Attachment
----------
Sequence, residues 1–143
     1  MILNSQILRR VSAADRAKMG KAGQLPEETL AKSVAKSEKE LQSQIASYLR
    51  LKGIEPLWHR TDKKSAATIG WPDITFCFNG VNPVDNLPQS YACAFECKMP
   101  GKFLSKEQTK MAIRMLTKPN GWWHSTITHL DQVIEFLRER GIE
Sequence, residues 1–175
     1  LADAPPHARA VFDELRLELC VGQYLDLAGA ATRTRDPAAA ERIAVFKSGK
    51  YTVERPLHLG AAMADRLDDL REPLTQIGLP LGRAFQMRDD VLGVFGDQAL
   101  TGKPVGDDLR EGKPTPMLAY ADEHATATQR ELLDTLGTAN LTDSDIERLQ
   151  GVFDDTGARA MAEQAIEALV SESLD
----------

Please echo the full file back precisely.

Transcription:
Sequence, residues 1–143
     1  MILNSQILRR VSAADRAKMG KAGQLPEETL AKSVAKSEKE LQSQIASYLR
    51  LKGIEPLWHR TDKKSAATIG WPDITFCFNG VNPVDNLPQS YACAFECKMP
   101  GKFLSKEQTK MAIRMLTKPN GWWHSTITHL DQVIEFLRER GIE
Sequence, residues 1–175
     1  LADAPPHARA VFDELRLELC VGQYLDLAGA ATRTRDPAAA ERIAVFKSGK
    51  YTVERPLHLG AAMADRLDDL REPLTQIGLP LGRAFQMRDD VLGVFGDQAL
   101  TGKPVGDDLR EGKPTPMLAY ADEHATATQR ELLDTLGTAN LTDSDIERLQ
   151  GVFDDTGARA MAEQAIEALV SESLD